My initial expectation of my exchange experience was that it would be fun, amazing, interesting and it WAS all that. I volunteered for AIESEC Praha’s Edison Project from April to June 2013. The project was in Czech Republic’s capital city Prague and it involves us, the exchange participants, to go to different schools each week and share our cultures. Because AIESEC is an international organization, this project allowed me to meet exchange participants from other parts of the world. I met individuals from Brazil, Thailand and Georgia just to name a few. Georgia was a country I never even heard of prior to my trip!

 

When I got off the plane, there was a person from AIESEC who greeted me. Her name was Pavla and she was a Czech AIESECer studying economics in university. She taught me some commons Czech phrases as we were taking the transit to the place they provided me to stay.

 

For my accommodation, I shared a flat with three other girls. We had a kitchen and laundry machine, things that make you feel at home and makes life easier because we can shop at grocery stores and cook at the flat . We also don’t have to search for laundromats or handwash our clothes. On weekdays, we travelled to schools via transit.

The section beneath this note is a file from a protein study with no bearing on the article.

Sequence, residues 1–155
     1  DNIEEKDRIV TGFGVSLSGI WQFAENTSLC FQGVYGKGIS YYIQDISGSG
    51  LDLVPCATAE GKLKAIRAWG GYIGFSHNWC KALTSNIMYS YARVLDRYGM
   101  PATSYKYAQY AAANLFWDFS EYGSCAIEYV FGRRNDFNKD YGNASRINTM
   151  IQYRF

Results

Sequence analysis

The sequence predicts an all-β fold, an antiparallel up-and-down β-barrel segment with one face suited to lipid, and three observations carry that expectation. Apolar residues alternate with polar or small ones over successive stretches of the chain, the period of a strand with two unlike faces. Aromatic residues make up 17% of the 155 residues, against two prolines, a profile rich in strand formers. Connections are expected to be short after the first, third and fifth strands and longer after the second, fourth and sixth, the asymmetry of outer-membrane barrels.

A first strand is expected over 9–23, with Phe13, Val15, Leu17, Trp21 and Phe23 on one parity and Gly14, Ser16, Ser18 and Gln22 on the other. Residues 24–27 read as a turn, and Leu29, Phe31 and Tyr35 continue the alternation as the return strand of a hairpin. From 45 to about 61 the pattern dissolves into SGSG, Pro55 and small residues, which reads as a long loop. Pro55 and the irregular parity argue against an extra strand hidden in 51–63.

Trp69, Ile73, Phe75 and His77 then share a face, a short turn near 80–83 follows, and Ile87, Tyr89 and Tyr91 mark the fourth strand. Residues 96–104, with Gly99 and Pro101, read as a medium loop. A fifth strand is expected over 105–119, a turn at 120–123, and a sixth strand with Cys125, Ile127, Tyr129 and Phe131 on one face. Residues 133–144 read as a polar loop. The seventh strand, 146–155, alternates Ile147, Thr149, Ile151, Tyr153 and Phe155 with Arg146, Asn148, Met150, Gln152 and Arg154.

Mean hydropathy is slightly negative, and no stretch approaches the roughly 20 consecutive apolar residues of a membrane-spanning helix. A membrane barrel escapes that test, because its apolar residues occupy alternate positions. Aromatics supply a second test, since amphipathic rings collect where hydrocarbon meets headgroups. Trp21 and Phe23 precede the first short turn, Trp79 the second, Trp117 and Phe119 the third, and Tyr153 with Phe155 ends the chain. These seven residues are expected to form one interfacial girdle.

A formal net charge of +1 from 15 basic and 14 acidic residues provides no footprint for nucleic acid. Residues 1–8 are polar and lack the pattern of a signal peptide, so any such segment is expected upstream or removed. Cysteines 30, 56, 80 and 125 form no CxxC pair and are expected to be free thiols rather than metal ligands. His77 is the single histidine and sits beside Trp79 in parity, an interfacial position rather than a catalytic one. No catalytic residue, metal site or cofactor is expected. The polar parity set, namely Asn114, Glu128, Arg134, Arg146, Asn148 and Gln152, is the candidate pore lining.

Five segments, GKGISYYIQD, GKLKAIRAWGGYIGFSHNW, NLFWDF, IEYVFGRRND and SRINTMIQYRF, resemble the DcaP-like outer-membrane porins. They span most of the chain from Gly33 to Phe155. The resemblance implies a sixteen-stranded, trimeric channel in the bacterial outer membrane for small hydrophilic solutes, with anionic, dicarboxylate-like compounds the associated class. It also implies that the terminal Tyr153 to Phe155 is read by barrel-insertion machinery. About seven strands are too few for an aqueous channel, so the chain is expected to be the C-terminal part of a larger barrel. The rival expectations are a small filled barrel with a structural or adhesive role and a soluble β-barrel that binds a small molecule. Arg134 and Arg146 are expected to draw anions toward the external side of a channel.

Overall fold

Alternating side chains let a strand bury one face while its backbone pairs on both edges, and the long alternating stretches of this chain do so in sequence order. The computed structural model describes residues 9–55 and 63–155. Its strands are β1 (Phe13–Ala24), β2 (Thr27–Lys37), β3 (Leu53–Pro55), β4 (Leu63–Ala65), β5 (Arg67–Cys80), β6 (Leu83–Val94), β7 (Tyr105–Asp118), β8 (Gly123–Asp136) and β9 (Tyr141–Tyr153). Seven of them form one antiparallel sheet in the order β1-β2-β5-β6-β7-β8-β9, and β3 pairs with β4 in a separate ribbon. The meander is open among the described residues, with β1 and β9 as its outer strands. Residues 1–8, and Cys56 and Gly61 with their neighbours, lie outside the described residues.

We were sent an orientation package prior to leaving the country about not only the Edison Project, but Czech itself. Two days before leaving Canada, I read from the package that they use the Czech Crown currency instead of the Euro! I also learned beforehand that not a lot of the older locals speak English. The younger generation learns it as a second language in school and they can speak decent conversational English by the time they are teenagers.

 

That being said, I had to adjust my presentation according to the age and English level of the classroom. It made me really happy when I realized just how interested they are in me and what I have to tell them about my country. The kindergartens openly give me hugs and the older kids asked me thoughtful questions about my presentation or me. In addition, I also enjoyed the free Czech lunches everyday we taught at school.

 

Things that stood out at me in Czech/Prague: the beautiful architecture and how beer is cheaper than water at restaurants! The biggest challenge for me was living away from home for so long and being independent. The experience really challenged my adaptive skills in that I had to work through language barriers, and learning how to be comfortable with living in a city/country/continent that I am not completely familiar with. What made it easy for me was the support AIESECers and the other EPs who know exactly what you are going through being in a foreign country. I think surrounding yourself with the right people is the best way to overcome any challenges. It’s also good that you learn when to ask the locals for help!